Kindergarten talk is the language we use with our kindergarten students. We have to be careful to talk on their level, but not talk down to them.
So, I have to confess…brace yourself…get ready… every time I’m on Pinterest or TPT, I cringe when I see reading strategies with “fishy lips” and “flippy dolphin.” I just don’t think we need to teach these strategies in sing-songy silly phrases. Oh my, the gasping is audible. Let me explain.
I LOVE, LOVE, LOVE teaching kindergarten. It’s my passion, as I’m sure you’ve discovered if you’ve read any of my posts or met me in person. I think kindergartners are A.Maze.Ing. and should not be underestimated. As a matter of fact, I think we should give kindergartners tools not excuses to create successful readers and lifelong lovers of literacy.
BUT, I don’t think we need to make everything “cute” for kindergartners. I don’t mean the classroom, but I mean every time we use “kindergarten talk.” I think when we give them alternative vocabulary we are not only creating the need to eventually give them the “big words” but we are insulting them. Honestly, some things drive me a little crazy…here are 3.
1. Kindergarten talk: Let’s Use Editing Tape
If we are striving to create independent writers, we shouldn’t be afraid of mistakes. The first thing I tell me students about writing is there are no mistakes in writing, because every mistake can be fixed.
I don’t want my students to be afraid of writing so I’m not sure why I would call it “boo boo” tape.
Boo boos make us cry.
I would never want students to associate writing with crying. Another argument against “boo boo” tape is wanting my kindergartners to know they are editing their work when they fix mistakes. Using this language will make them stronger writers – or at least more willing writers.
2. Kindergarten talk: Let’s walk down the hallway quietly…
You know what I’m talking about.
Here’s my take on this: when you tell students to “put a bubble in your mouth,” you are taking control of their behavior.
You are telling them…you can’t be trusted to walk in the hallway quietly, so I’m going to make it impossible for your to do so.
That’s kindergarten talk.
BUT, what if we let them know our expectations and the reasons why we have those expectations. Before walking in the hallway, I remind my students we will walk quietly in the hallway. I ask the students why we should walk quietly. Some responses might be, “So we don’t disturb other classes,” “So we don’t ruin someone else’s chances at learning,” “We are respectful of others who are learning,” or maybe even “Because we are responsible.”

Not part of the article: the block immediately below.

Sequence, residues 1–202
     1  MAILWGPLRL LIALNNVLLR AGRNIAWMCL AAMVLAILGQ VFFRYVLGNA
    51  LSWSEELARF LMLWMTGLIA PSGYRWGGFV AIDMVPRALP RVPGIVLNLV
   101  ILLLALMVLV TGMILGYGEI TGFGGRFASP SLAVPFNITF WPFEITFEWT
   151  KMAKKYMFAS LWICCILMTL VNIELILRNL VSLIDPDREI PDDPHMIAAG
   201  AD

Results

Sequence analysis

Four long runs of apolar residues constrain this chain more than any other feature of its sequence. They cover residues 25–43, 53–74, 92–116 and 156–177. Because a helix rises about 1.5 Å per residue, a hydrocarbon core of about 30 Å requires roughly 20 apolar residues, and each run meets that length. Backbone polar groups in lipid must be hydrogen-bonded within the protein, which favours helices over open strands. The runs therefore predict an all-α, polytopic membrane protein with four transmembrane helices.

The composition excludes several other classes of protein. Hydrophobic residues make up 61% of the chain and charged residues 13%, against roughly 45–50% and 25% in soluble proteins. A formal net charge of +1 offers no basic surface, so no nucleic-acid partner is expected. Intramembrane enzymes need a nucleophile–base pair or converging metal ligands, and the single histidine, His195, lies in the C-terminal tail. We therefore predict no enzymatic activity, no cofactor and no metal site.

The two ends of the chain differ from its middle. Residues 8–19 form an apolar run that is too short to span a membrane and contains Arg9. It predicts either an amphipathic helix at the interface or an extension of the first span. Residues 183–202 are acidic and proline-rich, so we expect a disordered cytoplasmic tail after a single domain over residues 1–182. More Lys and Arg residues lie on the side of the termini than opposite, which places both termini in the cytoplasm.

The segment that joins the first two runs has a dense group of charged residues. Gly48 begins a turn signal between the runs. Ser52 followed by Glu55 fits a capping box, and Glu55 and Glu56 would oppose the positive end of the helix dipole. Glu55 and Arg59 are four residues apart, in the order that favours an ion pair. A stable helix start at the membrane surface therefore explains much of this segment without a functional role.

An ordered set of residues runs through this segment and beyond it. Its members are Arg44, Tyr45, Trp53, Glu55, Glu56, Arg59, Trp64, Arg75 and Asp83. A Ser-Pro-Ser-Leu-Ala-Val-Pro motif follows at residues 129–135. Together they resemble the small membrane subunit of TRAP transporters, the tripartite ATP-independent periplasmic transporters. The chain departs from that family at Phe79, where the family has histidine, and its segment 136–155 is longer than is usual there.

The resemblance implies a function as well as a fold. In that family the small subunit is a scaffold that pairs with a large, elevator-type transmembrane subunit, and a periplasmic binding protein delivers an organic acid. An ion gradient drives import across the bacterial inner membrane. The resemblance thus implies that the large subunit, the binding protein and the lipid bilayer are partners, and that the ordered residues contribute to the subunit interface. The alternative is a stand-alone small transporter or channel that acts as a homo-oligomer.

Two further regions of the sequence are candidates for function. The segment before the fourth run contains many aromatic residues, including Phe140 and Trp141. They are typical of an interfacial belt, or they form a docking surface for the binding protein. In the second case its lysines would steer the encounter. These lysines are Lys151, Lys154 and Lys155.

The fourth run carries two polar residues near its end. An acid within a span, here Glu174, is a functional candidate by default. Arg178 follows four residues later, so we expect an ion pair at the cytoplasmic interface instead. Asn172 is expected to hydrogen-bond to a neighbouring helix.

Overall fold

This dialog with students seems to empower them, not try and take their power. I’m pretty sure as adults if we walked in to a museum, a library or a movie and some said, “Make sure you don’t talk and disturb others, please put a bubble in your mouth.” we would NEVER and I mean, NEVER, do it. (On a side note, they look really silly walking in the hallway with a “bubble in their mouth.)
3. Kindergarten talk: Let’s Get our Mouth Ready
When I was first learning about fix-it strategies, I was taught with the language “get your mouth ready” and “flip the vowel.” I actually hadn’t heard of “fishy lips” or “eagle eye” until a first grade teacher came to me. It was at the beginning of year and she was surprised. “I’m surprised your students don’t know their fix-it strategies.” I was shocked.
What do you mean? I teach all the fix-its, we practice the strategies, and I know THEY know the strategies. She proceeded to tell me when she told my students to “use their fishy lips” they didn’t know what to do. So I asked a painfully obvious question, “What does “use their fishy lips” mean?”
It was her turn to be shocked. “It means say the beginning sound.” So, continuing this question filled conversation, “Well, why don’t you just say “get your mouth ready?” That’s kindergarten talk.
After our conversation, I was stunned. She was right, my students didn’t know about fishy lips, eagle eyes, or stretchy snakes. I had taught them “get your mouth ready” and “stretch and blend.”
Once she explained to them the strategies I had taught them were the same fix-its she was using, they understood what she was asking. My theory…and it’s only my theory…is students will use fix-its beyond the “cute” terms. I do recommend a common language in a school…if everyone uses the same language, no matter the class, the strategies are the same.
Kindergarten Talk Needs to Honor Them
We can take things down to a kindergarten level without making it insulting.
Kids are smart. Kids can handle it. So, what are your thoughts.
I know I’m in the minority…because the majority of fix-it strategies on TPT, Pinterest, or google searches contain these “cute” titles. I’m not saying one is right and the other is wrong, just sharing my opinion.
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